A big problem for us when trying to reduce or cut out sugar intake is that sweeteners are in most processed foods in different forms, so that you have to turn label detective to find them.

There is a growing surge of people on social media sites sharing their own foodie pics and information on their recipes and diets that eliminate or reduce sugars.  Various forms of low carb diets are on the rise; Primal, Paleo, Raw food, Ketogenic, Atkins, GAPs diets.

Gwyneth Paltrow is a famous proponent of the quit sugar movement, her cookbook It’s All Good explains that her family do not eat any refined carbs or sugar.  In a blog entry on her website Goop she talks about the sugar highs and mood changes that lead her to cut sugar out of her and her children’s diet: “Sugar gives you an initial high, then you crash, then you crave more, so you consume more sugar. It’s this series of highs and lows that provoke unnecessary stress on your adrenals. You get anxious, moody (sugar is a mood-altering drug) and eventually you feel exhausted.”

The previous UK Shadow Health Secretary Andy Burnham for Labour has repeatedly called for high-sugar children’s foods such as cereal brands Frosties and Sugar Puffs to be banned by politicians and limits set on salt, sugars and processed fats foods aimed at children.

David Gillespie’s Sweet Poison and Sweet Poison Quit Plan books are based on his own experience of quitting sugar, resulting in him losing 6 stone in a year. He describes eating sugars as highly addictive with the only solution to break the addiction being to  “stop consuming all sources of the addictive substance. They are all hard to give up because they are addictive – but they are all easy to give up once you understand what you are doing and why.”  He explains that “your palate adjusts significantly and quickly when you delete sugar. You can suddenly experience a whole range of flavours that either you didn’t know existed before or were muted by the presence of sugar.”.  His family are also involved in the new eating plan and all sugars have been cut from the family diet. “The kids didn’t like it, but eventually they got used to it and their palates adjusted. Now they are pretty pleased with teeth that don’t have cavities, rarely getting colds and feeling energetic, with none of the highs and lows that come with sugar eating.”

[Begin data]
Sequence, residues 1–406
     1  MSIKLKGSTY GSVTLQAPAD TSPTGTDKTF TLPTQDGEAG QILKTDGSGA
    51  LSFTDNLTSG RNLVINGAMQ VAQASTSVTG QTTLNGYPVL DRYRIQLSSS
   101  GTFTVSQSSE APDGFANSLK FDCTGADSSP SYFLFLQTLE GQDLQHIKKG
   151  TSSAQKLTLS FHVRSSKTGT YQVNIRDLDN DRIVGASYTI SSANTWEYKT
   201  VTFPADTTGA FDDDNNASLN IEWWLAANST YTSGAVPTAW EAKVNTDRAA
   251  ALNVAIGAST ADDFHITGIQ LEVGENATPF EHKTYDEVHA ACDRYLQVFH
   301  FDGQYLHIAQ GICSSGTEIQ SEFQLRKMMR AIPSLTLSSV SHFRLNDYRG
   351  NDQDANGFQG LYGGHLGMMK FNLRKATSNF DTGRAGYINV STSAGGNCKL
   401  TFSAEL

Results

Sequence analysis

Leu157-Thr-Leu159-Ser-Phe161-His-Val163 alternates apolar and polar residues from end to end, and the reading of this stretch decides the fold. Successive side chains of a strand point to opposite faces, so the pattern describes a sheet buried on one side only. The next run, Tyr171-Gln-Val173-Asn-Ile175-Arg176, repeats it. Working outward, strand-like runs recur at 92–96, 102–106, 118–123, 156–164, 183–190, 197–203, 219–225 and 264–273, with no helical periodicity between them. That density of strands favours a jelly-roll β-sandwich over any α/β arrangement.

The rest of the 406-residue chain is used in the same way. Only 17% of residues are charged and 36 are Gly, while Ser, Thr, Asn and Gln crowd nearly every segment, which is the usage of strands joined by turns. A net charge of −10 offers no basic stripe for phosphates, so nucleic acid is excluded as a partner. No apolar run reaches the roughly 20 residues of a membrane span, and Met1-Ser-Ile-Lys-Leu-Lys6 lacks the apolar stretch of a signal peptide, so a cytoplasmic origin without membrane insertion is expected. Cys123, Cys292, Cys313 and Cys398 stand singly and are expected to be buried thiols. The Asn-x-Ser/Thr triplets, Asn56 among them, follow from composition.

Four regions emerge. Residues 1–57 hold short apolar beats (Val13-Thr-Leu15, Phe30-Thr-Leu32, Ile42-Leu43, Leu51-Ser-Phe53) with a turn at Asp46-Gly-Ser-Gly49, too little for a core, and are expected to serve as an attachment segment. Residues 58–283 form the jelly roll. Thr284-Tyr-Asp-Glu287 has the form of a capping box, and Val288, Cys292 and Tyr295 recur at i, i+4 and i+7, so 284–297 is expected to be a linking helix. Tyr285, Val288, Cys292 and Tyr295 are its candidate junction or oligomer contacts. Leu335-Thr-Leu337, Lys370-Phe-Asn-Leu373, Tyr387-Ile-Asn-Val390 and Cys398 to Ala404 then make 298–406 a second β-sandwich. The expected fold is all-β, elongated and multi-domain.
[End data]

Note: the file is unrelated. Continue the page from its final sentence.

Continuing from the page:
Robert Lustig, is professor of paediatric endocrinology at University of California, San Francisco, author of Fat Chance: The Bitter Truth About Sugar, numerous scientific and press articles and presenter of “Sugar: the Bitter Truth” (a YouTube clip viewed more than 4,800,000 times).  Lustig explains that fructose fools our brains into thinking we are not full so we overeat. Fructose cannot be converted into energy , they turn excess fructose into liver fat. That starts a cascade of insulin resistance (insulin promotes sugar uptake from blood) which leads to chronic metabolic disease, including diabetes and heart disease.”.


Take Action

The solution is to take charge of our family’s diets, as we have done here in our Low Carb Family home.  Change the way we buy, make and eat our foods to significantly reduce sugar and starchy foods consumed.  For some this is easier said than done, so this is where Low Carb Family free resources and Diet Plans can help.